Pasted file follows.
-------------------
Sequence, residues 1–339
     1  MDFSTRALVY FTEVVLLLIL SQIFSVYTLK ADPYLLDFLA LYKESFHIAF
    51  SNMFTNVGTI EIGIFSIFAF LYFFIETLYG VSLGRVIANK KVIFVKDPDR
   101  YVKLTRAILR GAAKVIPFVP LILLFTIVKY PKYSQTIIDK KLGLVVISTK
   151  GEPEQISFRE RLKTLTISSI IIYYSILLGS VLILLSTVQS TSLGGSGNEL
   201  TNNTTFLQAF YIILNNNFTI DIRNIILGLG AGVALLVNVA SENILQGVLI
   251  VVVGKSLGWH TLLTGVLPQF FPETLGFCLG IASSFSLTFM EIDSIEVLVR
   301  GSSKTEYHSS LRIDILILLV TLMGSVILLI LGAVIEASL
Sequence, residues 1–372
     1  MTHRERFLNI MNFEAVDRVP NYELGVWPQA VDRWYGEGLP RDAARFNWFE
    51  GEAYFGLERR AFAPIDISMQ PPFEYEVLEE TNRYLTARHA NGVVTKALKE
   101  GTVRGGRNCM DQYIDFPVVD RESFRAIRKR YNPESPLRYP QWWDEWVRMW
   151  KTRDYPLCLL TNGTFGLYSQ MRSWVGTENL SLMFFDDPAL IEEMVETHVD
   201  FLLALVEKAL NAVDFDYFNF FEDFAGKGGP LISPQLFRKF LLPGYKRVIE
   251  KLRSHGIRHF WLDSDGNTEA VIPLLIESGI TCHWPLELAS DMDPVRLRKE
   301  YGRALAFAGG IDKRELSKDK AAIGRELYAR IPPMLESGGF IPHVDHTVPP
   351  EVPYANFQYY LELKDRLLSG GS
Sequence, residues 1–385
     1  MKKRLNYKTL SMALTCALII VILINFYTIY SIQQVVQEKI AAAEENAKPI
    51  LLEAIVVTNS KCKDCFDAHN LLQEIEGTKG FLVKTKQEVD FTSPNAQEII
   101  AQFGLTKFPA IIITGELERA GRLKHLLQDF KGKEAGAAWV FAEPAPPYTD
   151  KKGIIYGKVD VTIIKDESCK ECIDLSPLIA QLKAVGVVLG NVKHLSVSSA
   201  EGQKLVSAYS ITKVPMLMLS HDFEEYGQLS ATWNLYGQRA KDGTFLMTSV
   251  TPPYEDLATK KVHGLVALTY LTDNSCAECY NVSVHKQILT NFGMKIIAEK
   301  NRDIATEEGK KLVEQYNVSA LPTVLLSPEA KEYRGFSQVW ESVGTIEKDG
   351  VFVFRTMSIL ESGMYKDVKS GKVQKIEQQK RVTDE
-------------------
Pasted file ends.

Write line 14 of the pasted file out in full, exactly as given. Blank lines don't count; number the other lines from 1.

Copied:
   201  FLLALVEKAL NAVDFDYFNF FEDFAGKGGP LISPQLFRKF LLPGYKRVIE